February 17, 2006
From: Binyamin Koretz
Concerning message #13325:
In your earliery message you referred to a report from the 1970's concerning an observed population explosion of Notarchus indicus in Eilat. It's happening again right now!
In 2005, following a big influx of algae, we saw a moderate number of individuals over the course of the spring (March, April, May), all of them at night, and only at one dive site with a lot of thick seagrass around the sporadic coral heads. Then none for about 8 months, although we dived this site at night every week or two. As recently as 4 weeks ago, we still saw none. Then the algae started to return, and 2 weeks ago we counted 4 in one dive. Last night we saw dozens, perhaps hundreds, in one dive.
The one in front of my hand [lower photo] had just tumbled in front of me as I was finning - in its peculiar swimming motion. Another one crawled blithely across the back of a tiny (7 mm) Sclerodoris tuberculata. And among the many pairs you could see the range of coloration from creamy white to bright amber.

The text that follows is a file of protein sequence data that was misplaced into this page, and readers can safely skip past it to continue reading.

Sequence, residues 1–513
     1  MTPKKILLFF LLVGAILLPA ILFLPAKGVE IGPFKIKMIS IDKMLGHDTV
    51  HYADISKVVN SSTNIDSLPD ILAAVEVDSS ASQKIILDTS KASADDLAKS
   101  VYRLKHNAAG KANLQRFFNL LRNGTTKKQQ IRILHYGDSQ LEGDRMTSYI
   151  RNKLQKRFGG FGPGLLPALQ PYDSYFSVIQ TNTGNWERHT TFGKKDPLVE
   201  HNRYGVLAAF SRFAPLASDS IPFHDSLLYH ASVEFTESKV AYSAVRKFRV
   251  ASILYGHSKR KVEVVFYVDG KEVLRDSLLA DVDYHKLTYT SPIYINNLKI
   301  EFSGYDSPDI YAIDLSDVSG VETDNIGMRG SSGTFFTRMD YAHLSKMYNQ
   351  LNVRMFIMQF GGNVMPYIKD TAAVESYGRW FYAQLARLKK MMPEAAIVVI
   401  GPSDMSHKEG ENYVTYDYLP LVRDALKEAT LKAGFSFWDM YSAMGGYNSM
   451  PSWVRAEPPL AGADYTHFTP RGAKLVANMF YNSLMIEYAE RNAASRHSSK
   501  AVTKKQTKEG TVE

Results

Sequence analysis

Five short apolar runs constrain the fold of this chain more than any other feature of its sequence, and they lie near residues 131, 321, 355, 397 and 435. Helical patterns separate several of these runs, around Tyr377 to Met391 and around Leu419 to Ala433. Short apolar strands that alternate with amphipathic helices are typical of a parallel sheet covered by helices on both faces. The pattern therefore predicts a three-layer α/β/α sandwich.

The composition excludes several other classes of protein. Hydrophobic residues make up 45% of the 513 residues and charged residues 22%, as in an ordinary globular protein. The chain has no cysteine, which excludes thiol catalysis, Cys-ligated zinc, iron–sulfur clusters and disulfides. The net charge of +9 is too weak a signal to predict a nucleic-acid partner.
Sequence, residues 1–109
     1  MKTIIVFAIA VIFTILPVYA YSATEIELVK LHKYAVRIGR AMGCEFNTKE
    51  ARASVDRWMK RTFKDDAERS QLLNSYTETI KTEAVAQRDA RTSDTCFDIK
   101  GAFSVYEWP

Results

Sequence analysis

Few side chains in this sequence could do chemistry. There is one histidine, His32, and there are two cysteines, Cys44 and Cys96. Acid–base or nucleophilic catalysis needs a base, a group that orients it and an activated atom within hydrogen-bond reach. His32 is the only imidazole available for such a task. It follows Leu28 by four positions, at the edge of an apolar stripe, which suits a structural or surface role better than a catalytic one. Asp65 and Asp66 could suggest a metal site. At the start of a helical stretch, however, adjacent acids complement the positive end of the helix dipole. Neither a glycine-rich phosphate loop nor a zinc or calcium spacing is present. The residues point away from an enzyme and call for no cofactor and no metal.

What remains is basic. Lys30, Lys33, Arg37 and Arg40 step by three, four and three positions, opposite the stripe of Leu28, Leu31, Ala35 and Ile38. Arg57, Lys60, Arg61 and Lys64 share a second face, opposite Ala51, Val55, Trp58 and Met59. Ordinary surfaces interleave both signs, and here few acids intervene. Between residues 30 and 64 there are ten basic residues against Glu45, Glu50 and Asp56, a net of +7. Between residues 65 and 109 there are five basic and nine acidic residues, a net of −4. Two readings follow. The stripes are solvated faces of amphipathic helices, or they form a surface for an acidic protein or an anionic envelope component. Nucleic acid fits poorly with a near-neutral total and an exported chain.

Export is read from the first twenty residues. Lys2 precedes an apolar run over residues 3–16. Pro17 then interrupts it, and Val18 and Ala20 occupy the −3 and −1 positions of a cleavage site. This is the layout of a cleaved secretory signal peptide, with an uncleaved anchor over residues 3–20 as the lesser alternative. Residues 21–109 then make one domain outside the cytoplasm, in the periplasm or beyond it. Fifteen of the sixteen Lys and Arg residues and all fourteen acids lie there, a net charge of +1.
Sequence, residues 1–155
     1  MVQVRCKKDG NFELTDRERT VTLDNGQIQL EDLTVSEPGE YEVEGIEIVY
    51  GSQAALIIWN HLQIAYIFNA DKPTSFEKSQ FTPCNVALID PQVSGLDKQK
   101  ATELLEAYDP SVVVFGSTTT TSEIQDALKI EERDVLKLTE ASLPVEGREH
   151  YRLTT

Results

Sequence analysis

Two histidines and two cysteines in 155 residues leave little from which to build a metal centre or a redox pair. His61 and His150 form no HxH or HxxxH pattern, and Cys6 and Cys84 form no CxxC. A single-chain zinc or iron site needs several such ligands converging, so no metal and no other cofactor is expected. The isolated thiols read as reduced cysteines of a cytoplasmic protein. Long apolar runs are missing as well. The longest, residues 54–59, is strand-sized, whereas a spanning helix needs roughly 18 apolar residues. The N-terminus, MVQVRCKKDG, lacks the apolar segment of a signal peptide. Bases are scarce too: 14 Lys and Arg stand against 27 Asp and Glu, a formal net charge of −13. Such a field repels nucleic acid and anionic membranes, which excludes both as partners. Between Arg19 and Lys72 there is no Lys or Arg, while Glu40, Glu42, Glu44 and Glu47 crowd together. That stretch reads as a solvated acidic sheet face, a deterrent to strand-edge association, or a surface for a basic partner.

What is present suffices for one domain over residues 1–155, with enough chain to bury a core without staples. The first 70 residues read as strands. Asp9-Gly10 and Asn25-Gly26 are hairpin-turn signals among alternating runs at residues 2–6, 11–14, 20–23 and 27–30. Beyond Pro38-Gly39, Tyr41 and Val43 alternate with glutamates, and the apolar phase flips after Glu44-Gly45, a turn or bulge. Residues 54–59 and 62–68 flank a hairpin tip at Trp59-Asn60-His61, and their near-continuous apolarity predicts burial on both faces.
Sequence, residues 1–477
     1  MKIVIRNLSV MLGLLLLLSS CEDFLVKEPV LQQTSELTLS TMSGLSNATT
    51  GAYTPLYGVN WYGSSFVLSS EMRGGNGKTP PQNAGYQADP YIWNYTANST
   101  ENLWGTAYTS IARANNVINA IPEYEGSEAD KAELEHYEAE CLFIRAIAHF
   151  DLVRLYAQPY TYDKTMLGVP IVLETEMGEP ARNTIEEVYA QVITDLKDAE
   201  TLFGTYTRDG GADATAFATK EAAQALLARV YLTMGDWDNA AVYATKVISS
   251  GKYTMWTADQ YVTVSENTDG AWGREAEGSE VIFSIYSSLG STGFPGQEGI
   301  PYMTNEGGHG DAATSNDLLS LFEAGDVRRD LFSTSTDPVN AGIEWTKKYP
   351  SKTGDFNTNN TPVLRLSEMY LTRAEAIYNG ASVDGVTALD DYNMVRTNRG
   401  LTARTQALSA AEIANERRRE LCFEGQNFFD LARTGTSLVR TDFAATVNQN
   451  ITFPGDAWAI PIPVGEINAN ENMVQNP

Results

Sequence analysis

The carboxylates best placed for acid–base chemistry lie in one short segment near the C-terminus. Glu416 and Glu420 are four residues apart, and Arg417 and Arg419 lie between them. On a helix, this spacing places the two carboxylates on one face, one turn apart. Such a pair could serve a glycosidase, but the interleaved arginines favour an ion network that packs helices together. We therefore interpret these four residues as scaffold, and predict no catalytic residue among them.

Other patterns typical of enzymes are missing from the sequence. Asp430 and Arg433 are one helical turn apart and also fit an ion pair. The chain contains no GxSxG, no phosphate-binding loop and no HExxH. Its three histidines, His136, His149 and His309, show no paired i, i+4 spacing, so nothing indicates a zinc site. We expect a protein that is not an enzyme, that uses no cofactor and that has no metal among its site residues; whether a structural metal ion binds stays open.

Locality: Eilat, Satil Area, 22-24m, Israel, Red Sea (Gulf of Eilat), 11 February 2006 (night), sea grass and patch reef. Length: up to 3 cm. Photographer: Binyamin and Shulamit Koretz
firstname.lastname@example.orgKoretz, B., 2006 (Feb 17) Re: Notarchus indicus at Eilat. [Message in] Sea Slug Forum. Australian Museum, Sydney. Available from http://www.seaslugforum.net/find/15835
Their swimming behaviour must make them the clowns amongst the Sea Hares. I look forward to further observations
Notarchus indicus at Eilat
From: Bill Rudman, March 15, 2005
Re: Notarchus from Hawaii
From: John Hoover, August 3, 2000
Strange Sea Hare from Hawaii
From: John Hoover, August 2, 2000
More photos of Notarchus swimming
From: Jochen Scholtyssek, July 6, 2000
Notarchus indicus swimming
From: Jochen Scholtyssek, June 28, 2000